Counting down these final few frigid weeks until the song of the turtle is heard in the land, the simple, thrifty, cheering and succoring pleasures are what see north country denizens through. When the wind howls and tugs at the windowpanes, the snow cracks whips across the dune hills, the walkways and trails are too icy to maneuver, the gardener has recourse to the following list of true comforts with which to wait out winter's last gasps. If you have others, dear reader, please fire up the computer and send them along to share:

More time to spend reading newspapers, magazines, and in the entertaining, instructive companionship of treasured writers and fictional characters. Best books read since 2009 opened its eyes – “When Will There Be Good News?” by Kate Atkinson, “City of Thieves” by David Benioff, “The Brass Verdict” by Michael Connelly, “The Mystic Arts of Erasing All Signs of Death” by Charlie Huston, "Green Thoughts," by Eleanor Perenyi, “Child 44” by Tom Rob Smith, and “Flower Confidential” by Amy Stewart.

Herds (yes, herds) of hungry, beautiful deer, their coats the color of driftwood, strolling down the main streets of the village, leaping snowbanks, pausing in long, still moments just yards away.

Oil paintings of landscapes and interiors, see especially the American wing at the Detroit Institute of Arts and anything by Frederick Edwin Church or Albert Bierstadt. Or Ruth Conklin and Kristin Hurlin in Glen Arbor, Mimi Nieman in Leland, paintings you can enter and inhabit.

Rediscovering the satisfaction of home-cooking and rich, hearty meals of homemade soup, stew, chili, pot roast and noodles, chicken and dumplings. This week it will be corned beef, redskin potatoes and cabbage, naturally.

Hot cocoa. Scarlet geraniums blooming on the windowsills.

Two for the price of one burgers, Monday nights, Art's Tavern, as in the sublime mushroom/swiss burger. Eagles and Lions pancake breakfasts and fish fry suppers at the village town halls, up and down the Leelanau Peninsula.

The musical stylings of Leonard Cohen, Sarah McLachlan, Joni Mitchell and Bruce Springsteen. While this selection might lead others to want to jump in the shower and open a vein, it makes me sing.

Glimmering snow paint strokes across the burnished gold muscles of the sand dunes.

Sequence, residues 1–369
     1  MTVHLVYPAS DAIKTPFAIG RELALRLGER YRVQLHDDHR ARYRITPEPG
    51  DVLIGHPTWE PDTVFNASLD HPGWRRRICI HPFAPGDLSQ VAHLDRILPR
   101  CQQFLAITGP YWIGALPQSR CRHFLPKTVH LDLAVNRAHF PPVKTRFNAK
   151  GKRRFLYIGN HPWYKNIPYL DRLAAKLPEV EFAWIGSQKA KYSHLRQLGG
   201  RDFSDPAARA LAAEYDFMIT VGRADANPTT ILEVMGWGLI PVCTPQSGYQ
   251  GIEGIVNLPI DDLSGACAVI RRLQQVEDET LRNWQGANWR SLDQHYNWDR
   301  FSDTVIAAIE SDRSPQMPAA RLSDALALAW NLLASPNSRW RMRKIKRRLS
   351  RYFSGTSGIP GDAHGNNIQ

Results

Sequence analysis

Sheltering in bookstores and coffee shops, boning up on the new crops in literature, indulging in the occasional thick, black and homicidal espresso concoction. Walking the aisles at the Ben Franklin five-and-dime and marveling at the cornucopia of inexpensive, useful household goods and chattels on offer.

Paint-up, fix-up, sort, clean-up, recycle time with the homefront, its closets, dressers and cedar chests. Getting down to business with needlework projects that tend to languish when the weather's fine, knitting, quilting, sewing nice, cozy flannel curtains for the north-facing windows.

Weeknight evenings, watching Jon Stewart and Steven Colbert on Comedy Central, and the brilliant Rachel Maddow on MSNBC, and thus getting schooled on the truth versus palaver in politics, government, current events, and getting to laugh out loud at the deft exposure of blowhards, scapegraces, blackguards and knuckleheads.

Down comforters and 9 p.m. bedtime, totally guilt-free. Goodnight, dear reader.

March 6, 2009

Spring Pruning

How cheering it is, after the big meltdown of a 50-degree day mid-week, to see the garden re-emerge and poke its head out of the disappearing snowpack. For the first time in several months, the small shrubs, cement statuary of rabbits and hedgehog, the spindly rosebushes and silver-sage lavender branchlettes, the amber pine needle mulch on the flower beds, all have doffed their thick snow blankets and begun to return the garden to view.

Sunday inaugurated the 2009 gardening year by being the first day of work in the garden. Or first hours would be more accurate, given that after two hours in the 29-degree temperature, the feet were so thoroughly chilled they made the hands down-tools, and strode up the path and back into the warmth indoors. Cold weather or not, the sky calendar of moon and stars dictated it was the best time to prune trees and shrubs, and really, this celestial command was happily obeyed. Though it was a shivery, nose-running two hours, it felt excellent to be abroad and at work in the garden again, with the soft, tempered warmth of the winter sunshine like a poultice on the face.